The UK National Crime Agency estimates 3,309 potential victims of human trafficking came into contact with the State or an NGO in 2014. The latest government statistics derived from the UK National Referral Mechanism in 2014 reveal 2,340 potential victims of trafficking from 96 countries of origin, of whom 61 percent were female and 29 percent were children. Of those identified through the NRM, the majority were adults classified as victims of sexual exploitation followed by adults exploited in the domestic service sector and other types of labour exploitation. The largest proportion of victims was from Albania, followed by Nigeria, Vietnam, Romania and Slovakia.
Olabisi’s initial claim to asylum was refused and, although she accessed legal representation to appeal this decision, she chose to leave Unseen’s project and her whereabouts are currently unknown.
I think I am 19. I am originally from Nigeria, but I had to leave my village when my family were killed for being Christians. I fled to Auchi where I begged on the streets to survive and then moved to Lagos.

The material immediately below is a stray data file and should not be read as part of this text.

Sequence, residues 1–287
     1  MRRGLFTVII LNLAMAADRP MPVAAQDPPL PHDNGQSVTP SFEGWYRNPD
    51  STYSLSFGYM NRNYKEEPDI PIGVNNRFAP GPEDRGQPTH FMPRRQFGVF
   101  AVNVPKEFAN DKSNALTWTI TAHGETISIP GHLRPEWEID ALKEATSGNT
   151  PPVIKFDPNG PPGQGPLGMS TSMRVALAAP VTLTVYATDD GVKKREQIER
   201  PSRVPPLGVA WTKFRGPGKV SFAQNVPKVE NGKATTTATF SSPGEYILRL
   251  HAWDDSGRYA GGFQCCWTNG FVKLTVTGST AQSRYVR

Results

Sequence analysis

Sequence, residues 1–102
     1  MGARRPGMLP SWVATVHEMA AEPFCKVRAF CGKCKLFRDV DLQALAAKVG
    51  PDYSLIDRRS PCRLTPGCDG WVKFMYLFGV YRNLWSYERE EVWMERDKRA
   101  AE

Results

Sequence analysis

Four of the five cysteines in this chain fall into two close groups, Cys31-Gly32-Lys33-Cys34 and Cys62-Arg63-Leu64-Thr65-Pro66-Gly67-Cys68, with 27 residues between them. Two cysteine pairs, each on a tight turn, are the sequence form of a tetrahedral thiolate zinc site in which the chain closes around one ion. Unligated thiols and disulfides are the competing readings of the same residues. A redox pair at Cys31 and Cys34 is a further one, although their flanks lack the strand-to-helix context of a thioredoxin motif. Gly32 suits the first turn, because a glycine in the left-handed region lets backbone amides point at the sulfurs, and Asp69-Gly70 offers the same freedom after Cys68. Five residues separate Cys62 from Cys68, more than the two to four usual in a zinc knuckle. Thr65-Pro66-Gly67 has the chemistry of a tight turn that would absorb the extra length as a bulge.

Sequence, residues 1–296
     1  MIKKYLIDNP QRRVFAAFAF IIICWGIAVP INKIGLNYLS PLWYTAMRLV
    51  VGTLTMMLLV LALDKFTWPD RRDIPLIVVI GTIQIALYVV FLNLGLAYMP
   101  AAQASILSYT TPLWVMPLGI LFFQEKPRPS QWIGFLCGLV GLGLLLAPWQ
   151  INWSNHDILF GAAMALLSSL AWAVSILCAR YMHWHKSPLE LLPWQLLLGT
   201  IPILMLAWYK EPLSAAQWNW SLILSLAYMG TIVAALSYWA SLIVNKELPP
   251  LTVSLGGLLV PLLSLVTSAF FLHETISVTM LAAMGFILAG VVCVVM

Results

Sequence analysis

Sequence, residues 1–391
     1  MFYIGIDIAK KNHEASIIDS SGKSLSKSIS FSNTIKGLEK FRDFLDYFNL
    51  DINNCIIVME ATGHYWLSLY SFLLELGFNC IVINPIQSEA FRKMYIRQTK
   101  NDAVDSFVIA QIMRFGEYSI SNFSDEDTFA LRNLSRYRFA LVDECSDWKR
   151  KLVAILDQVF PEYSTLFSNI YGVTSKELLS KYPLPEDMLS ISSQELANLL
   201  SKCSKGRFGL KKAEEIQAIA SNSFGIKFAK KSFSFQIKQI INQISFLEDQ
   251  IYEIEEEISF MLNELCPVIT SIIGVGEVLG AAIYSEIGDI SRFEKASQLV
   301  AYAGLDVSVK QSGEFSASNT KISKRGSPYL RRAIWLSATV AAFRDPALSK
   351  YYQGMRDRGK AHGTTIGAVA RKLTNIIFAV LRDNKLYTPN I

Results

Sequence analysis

I met a man who promised to find me work in the UK.
He gave me a passport and paid for my flight to the UK. A man was waiting for me at the airport. He took me back to his flat and made me have sex with him lots of times. I heard him discussing selling me, but in the end he decided to keep me for himself. I was told that if I tried to escape or ruin his reputation he would kill me and sell my body to people who did voodoo for money.
One day in the park I met some other people from Nigeria. I managed to tell them what was happening to me and they urged me to tell the police.
As told to Unseen